High Triglycerides Symptoms Linked To Metabolic Problems and Diabetes
Think your body does a great job of telling you when something is wrong? It doesn’t always. If you have elevated levels of triglycerides, your body probably isn’t letting you know. High triglycerides symptoms are not common, and a blood test is typically the only way to determine if you have higher than normal levels. Most often, the only time high triglycerides symptoms are encountered is in people who have a genetic condition that has caused the high triglycerides. This can cause xanthomas (fatty deposits) under the skin.
Elevated triglycerides when combined with low levels of goof cholesterol can make conditions ideal for diabetic dyslipidemia. This metabolic abnormality greatly increases the risk of heart disease. How is your cholesterol related to diabetes? Well, insulin is required to make fat in the body and that fat contains triglycerides. Diabetes that is poorly managed can also be one of the causes of high triglycerides. With triglycerides too high, metabolic problems, heart problems, and even inflammation of the pancreas in extreme cases are possible. This is why even though high triglyceride symptoms are non-existent, it is important to have a blood test done by your physician if you think you might be at risk.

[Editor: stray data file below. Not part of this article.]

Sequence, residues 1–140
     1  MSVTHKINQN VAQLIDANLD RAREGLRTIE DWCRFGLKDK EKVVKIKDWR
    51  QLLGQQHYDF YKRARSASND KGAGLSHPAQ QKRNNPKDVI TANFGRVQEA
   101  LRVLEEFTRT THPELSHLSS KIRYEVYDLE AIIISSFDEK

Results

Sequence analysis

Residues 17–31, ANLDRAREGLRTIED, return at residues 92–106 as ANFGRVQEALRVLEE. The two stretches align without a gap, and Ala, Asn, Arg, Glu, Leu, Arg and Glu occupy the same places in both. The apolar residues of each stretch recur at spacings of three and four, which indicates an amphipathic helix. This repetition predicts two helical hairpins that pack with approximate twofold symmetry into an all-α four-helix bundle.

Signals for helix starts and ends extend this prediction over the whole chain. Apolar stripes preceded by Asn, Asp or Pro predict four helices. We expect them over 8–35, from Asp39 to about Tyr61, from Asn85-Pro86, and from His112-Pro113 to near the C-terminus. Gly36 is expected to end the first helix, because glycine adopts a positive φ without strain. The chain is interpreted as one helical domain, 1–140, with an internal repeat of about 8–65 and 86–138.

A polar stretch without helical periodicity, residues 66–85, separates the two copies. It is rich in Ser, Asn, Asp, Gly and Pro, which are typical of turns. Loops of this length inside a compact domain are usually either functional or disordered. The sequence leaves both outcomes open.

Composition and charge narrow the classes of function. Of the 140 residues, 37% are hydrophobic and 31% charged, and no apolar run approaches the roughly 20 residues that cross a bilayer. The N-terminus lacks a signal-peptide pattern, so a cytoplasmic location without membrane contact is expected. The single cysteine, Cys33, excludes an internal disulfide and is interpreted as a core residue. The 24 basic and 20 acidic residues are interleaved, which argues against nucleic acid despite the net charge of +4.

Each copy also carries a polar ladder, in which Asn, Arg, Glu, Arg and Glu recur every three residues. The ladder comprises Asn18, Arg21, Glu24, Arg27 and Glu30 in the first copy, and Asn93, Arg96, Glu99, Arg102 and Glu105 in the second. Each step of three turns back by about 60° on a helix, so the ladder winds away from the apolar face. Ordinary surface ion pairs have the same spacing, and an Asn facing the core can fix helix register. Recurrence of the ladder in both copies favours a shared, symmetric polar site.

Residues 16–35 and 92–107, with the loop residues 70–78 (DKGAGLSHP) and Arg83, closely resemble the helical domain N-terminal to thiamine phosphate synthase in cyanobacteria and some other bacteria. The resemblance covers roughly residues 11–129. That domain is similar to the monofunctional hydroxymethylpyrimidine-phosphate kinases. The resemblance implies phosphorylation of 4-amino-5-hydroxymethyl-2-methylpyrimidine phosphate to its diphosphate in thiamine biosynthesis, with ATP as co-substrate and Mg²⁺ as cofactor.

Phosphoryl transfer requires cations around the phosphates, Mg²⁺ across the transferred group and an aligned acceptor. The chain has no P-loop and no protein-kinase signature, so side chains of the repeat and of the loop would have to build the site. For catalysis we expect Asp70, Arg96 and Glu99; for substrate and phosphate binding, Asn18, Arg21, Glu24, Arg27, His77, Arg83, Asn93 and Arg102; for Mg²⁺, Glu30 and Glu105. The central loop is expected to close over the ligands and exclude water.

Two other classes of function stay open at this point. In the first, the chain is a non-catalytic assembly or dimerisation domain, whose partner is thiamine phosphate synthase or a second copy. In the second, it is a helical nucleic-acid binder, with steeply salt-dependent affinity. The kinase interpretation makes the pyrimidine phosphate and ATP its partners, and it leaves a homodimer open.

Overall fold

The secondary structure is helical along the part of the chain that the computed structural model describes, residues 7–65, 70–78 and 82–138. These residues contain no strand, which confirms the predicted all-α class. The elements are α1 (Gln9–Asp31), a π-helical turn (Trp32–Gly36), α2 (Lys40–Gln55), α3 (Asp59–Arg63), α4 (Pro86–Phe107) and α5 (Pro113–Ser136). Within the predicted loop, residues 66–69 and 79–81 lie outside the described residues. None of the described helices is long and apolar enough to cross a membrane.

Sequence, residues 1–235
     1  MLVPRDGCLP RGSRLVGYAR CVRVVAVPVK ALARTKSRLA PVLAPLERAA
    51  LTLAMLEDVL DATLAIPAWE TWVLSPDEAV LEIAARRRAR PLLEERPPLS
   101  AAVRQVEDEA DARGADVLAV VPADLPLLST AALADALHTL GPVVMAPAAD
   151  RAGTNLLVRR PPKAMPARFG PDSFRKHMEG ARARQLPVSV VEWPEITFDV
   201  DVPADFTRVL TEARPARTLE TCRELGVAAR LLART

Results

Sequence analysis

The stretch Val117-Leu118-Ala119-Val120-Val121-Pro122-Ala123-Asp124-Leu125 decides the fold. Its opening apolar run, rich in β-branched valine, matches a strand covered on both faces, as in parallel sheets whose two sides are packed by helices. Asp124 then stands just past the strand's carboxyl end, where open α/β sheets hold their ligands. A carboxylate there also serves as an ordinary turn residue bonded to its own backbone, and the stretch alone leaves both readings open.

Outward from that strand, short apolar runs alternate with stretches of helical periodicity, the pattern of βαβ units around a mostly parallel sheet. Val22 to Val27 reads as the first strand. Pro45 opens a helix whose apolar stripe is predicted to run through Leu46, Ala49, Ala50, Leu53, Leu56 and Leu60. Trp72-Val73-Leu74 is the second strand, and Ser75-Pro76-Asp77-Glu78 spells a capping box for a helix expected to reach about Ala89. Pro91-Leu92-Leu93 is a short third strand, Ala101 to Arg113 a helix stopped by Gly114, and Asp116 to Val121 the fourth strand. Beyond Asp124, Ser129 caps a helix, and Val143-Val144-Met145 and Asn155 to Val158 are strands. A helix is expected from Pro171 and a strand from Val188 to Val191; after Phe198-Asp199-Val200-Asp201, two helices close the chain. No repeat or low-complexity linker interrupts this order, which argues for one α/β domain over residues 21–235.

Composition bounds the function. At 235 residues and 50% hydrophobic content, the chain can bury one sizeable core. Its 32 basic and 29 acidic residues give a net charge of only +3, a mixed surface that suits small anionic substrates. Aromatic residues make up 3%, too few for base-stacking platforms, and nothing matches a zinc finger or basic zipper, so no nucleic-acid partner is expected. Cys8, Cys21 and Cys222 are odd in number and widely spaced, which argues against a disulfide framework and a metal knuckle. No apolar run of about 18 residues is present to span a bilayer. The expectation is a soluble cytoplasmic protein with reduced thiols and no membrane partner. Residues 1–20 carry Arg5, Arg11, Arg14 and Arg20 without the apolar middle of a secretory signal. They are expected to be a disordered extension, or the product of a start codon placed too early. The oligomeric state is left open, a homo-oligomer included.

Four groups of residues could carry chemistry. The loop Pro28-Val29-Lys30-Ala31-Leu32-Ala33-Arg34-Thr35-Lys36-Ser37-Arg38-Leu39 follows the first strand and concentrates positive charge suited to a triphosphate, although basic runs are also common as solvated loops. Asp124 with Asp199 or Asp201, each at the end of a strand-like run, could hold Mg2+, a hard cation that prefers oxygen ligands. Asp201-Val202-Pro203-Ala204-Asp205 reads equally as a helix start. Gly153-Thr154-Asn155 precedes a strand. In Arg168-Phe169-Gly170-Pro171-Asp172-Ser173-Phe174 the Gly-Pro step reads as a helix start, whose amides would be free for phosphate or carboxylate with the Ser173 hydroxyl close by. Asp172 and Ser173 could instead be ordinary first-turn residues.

Metabolic syndrome has been defined as one or more of many health conditions that affect metabolism and weight, and includes high triglycerides. Causes of metabolic syndrome are predominantly lifestyle choices including diet and lack of exercise, but can also include age, hormone imbalances and family history as well. High triglycerides are associated with metabolic syndrome, and conditions in this group carry greatly increased risk of heart problems, stroke and diabetes.
Hypertriglyceridemia (high triglycerides) has many causes, but the two most common are obesity and poorly controlled diabetes. Additionally hormone replacement therapy in women, hypothyroidism and kidney disease can also cause silent high triglycerides symptoms. Certain medications, including steroids, can also bring up your triglyceride levels, so make sure that your physician knows all medication you are currently taking.
Thankfully, a blood test and consultation with your physician can determine if you have high triglycerides and require treatment. Along with medication, exercise and dietary changes are often required to get triglycerides to manageable levels, and reduce your risk of serious health conditions.